Tag Archives: weather

Somewhere the Sun

 

 

On the edge of fog, we’ve been gathering Greasy to brand Thursday, while the forecast for rain varies from from a few hundredths to a quarter-inch from a half-dozen Internet weather sites. Above the fog, we shed all the jackets it took to get there, a true inversion layer. Time to fish or cut bait.

 

WEATHER REPORT

 

 

Up early, awaiting
confirmation of the storm
slated to rain out plans
to brand calves
without complaining,

                    feeding hay
                    on slick roads
                    to thin cows
                    as grass grows
                    against the cold
                    Winter Solstice.

Nothing on the news
but red and blue politics,
mass shootings
and fog on 99,
ads for fast foods,
wonder drugs
and old age—
not one damn thing
I want. Nothing

                    I can change
                    but feed more hay
                    to hungry souls.

 

LEGACY

 

 

Without honor,
without truth,

without charity
or compassion,

all is consumptive
dumbshow.

We have grown fat
on the numbers since

we lost our taste
for words that matter.

Like waiting for a rain
to settle dust

and bring verdancy,
the storms will come

to cleanse this earth
and thunder verily.

 

LIKE ALWAYS

 

 

Little passion in the dry,
hard hills and dust trails—
little fire in the leaves
of sycamores and willows
preparing to undress.

                    No foreplay sure,
                    no long-range rain,
                    we feed more hay

                    and wait with cows
                    growing thinner
                    in the cold,
                    sucked down
                    by growing babies.

We taste the air and search for sign:
manes and tails and moon dog rings—
our annual drama of hackneyed details
we bury our hearts and heads within

instead of the direction of a nation
without honor or integrity—

                    in God we Trust.

 

Twins

 

 

Followers of the blog and and Facebook friends may be bored with our photographs of cattle, but it’s the most exiting time of year for us and our crew as the weather changes. It’s essential that we keep our eyes on our coming two-year old heifers that are having their first Wagyu X calves by recording their tag numbers and any other information that will help inform us as to whether they’ll make the cow herd or not—and to a less anxious degree, our second-calf heifers as well.

The twin bull calves from cow #3054, a mature six year old cow, appear to be sired by our Black Granite bull from Tehama Angus Ranch, spitting images of him at this stage of their short lives. We think that she can raise them both.

 

Feeding in September

 

 

Though not short of feed in the flat below Terminus Dam, we keep plenty of alfalfa hay in front of our replacement heifers this time of year. The old feed is mostly filler without much strength and we want our yearling heifers to continue growing and be in shape to cycle when we turn the Wagyu bulls out three months from now. Protein licks and balanced minerals are also available.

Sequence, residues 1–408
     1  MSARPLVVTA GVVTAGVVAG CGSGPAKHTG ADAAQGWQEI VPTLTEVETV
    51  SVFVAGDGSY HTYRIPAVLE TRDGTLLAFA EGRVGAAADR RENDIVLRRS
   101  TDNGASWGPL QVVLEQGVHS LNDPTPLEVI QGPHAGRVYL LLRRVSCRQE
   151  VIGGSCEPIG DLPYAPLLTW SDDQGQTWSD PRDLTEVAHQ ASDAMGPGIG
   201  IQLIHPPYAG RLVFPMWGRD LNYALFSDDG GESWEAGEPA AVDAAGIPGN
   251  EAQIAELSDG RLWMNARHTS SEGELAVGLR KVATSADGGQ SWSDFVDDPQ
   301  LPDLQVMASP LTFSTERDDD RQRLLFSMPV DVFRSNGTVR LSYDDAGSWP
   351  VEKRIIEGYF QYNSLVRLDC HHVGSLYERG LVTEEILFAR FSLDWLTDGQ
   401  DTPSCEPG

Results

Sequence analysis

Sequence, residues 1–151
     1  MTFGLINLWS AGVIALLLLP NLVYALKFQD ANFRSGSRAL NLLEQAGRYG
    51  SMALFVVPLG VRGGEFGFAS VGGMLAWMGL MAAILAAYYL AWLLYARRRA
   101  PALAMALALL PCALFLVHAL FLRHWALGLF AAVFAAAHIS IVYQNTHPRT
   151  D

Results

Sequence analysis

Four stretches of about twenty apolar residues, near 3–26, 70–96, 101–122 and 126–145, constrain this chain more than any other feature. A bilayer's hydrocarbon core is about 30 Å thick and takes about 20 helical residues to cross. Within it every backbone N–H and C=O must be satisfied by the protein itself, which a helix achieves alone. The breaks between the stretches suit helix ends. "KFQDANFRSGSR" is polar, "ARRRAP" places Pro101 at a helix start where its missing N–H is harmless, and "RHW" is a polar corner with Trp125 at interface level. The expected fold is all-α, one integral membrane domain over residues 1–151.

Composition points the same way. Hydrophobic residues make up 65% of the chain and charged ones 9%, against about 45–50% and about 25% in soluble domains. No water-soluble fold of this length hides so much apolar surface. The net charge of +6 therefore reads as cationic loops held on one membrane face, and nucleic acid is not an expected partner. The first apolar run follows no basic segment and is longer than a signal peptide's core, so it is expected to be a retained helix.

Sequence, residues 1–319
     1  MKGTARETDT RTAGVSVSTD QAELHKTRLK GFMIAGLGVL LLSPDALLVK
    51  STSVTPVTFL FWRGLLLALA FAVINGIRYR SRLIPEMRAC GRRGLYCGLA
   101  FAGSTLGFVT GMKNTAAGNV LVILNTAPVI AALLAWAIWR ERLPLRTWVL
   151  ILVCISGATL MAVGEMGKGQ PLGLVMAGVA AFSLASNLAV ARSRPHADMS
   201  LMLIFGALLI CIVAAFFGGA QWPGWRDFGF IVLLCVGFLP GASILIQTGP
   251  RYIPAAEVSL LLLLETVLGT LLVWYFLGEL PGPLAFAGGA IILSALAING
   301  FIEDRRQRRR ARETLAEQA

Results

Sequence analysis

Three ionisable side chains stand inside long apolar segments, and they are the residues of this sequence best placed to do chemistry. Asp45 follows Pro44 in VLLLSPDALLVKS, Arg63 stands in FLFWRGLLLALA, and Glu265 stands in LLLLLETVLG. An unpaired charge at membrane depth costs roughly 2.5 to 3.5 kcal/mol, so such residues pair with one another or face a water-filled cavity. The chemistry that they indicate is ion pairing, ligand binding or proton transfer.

In addition to the yearling heifers on the flat are some first-calf heifers bred last year to Wagyu bulls. Close enough to keep an eye on, all this special attention, (I’m afraid we spoil them), will help with the health of these coming first-calf mothers. It’s what we do before our rainy season begins, that time of year when it might rain.

This photo was taken Monday, September 16th as the clouds rolled in, confirmation of our second weather change of August, based on a thirty-day cycle.

 

weather cycles

 

GOOD BAD WEATHER

 

 

Dry cordwood stacked, I crave
unpredictable clouds of change,
the cold and ice, the hail and rain

and the look of snow-capped green,
black cattle grazing an angry gray—
fancy whiskey in a glass with you

inside, woodstove sucking air to flame.
No matter what the pundits say,
it doesn’t change a thing.

 

DEAD TREE BECKONING

 

 

Too wet to plow,
cold clear sky
before dawn,
green storm
forecast on the screen—

Live Oak down,
waiting patiently
in the road
to become cordwood
close to the woodstove—

to warm flesh again
and again and again.

 

The Sierra’s Spine

 

 

Snow accumulation is just short of ‘normal’ for this time of year as we head into four days of forecast rain. Going up the hill to help the neighbors get one more bunch branded while we can still get to Mankins Flat, just on the other side of the near ridge.

 

California Weather Blog: “Wet and stormy week ahead for all of California”

 

Calves at the Gate

 

 

We began baiting our cows and calves on the Paregien Ranch into the gathering field, yesterday, with the Kubota and a little alfalfa hay. We plan on branding tomorrow, trying to take advantage of our drying roads after 2.5” of rain last week. Fortunately, the Valley fog was not a factor until midday when it rose to cloak landscapes up to 2,500 feet. We’re going back this morning with horses to collect a little bunch we missed and sort the dry cows and late-calvers from the bunch. It’s still too early this morning to tell where the fog is.

With ample dry feed, we haven’t had to supplement these cattle this season except for a little ‘hello hay’ when we’ve checked them. Though the cows know our gathering routine and are camped on the hay we’ve strung-out through the gathering field in the photo, it’s a brand new experience for the calves. I found their confusion looking longingly beyond the gate, to the ground they knew, humorous enough to pull out the camera.